In the last post on this topic I discussed a technique of separating your configuration from your code in CloudForms’ Automation Engine. The technique relied on creating class overrides in a higher priority domain, enabling attributes on those higher priority classes to be passed down.
It works but it’s…clunky, and it requires a duplicate of every class in a higher domain. Not the most scalable technique!
Below I present two other methods – one that uses $evm.instance_get, and another that loads the config directly onto the root object.
Read more “Configuration domains in CloudForms/ManageIQ – part deux”
The CloudForms/ManageIQ automation engine gives us great power to create classes and methods that we can execute in response to various actions (e.g. button presses, events in the environment, REST API calls, etc).
Using Ruby and Ansible we can execute custom code to customise and enhance the CloudForms experience for our customers and users – we can add buttons to interfaces, override provisioning workflows, override approval workflows…etc.
Normally, we’ll have at least two environments – a Quality Assurance environment, and a Production environment. We don’t want those two to mix, and quite often key settings will be different between the two environments. For example, the FQDNs and credentials used to access remote services (e.g. Single Sign On, corporate DNS, etc) may differ between QA and Production. But the underlying logic in the code remains the same – it’s just environment-specific configuration that changes.
To get to a full Continuous Integration/Continuous Deployment model we need to be able to promote Automate code between environments cleanly. Having to execute find/replace across our automate code to replace QA settings with Production settings is not clean.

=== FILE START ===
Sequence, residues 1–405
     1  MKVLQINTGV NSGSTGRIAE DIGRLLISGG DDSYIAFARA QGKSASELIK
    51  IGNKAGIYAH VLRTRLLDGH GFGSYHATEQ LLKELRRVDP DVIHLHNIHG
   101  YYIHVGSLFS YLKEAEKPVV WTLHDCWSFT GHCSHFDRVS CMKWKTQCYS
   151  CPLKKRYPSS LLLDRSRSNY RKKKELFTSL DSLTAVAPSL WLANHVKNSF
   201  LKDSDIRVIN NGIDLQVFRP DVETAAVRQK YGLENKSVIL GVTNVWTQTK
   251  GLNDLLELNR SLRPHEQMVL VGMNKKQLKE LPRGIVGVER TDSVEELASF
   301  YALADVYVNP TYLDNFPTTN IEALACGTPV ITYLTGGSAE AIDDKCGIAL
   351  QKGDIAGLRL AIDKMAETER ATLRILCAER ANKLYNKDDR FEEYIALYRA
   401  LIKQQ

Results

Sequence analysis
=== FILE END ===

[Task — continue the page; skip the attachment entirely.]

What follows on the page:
So how do we keep our common automation logic from intermixing with ou environment-specific settings and configuration?
The answer is a configuration domain. Read more “Configuration Domains with CloudForms/ManageIQ”
State Machines are a powerful feature of CloudForms automation. If you are unfamiliar with the concept, a state machine in the context of CloudForms automation is a series of steps that are executed sequentially by the Automation Engine.
In particular, state machines give us:
- The ability to retry steps if they fail.
- Jump between steps by name, or skip the immediately following step.
- Exceute code on enter or exit of a step, or if the step returns an error.
- Store state variables in earlier steps that can be referenced in later steps.
- Since CloudForms 4.6, we now have the ability to execute Ansible playbooks as steps in a state machine.
State machines are already used heavily for the provisioning workflows that ship with CloudForms out-of-the-box. If you’d like to know more about creating state machines, have a look at Mastering Automation in CloudForms and Manage IQ, available here on the customer portal.
State machines are undoubtedly powerful – when they work start to finish.
What happens if a state machine fails before it’s complete?
Read more “Building resilient state machines with CloudForms/ManageIQ”
Over the last couple of days I’ve been working on a simple, no-frills HTTPS server for Python that supports WSGI applications and – most importantly for my use case – handles mutual TLS support.
I needed to perform mutual TLS to verify client certificates for a work project. I know that I can simply place a reverse proxy such as Apache or Nginx in front of my python application and have it handle the mutual TLS, but why can’t I have a Python server to do that for me? It turns out that’s it’s not as hard as I first anticipated.
Read more “Mutual TLS with Python, Flask and Werkzeug”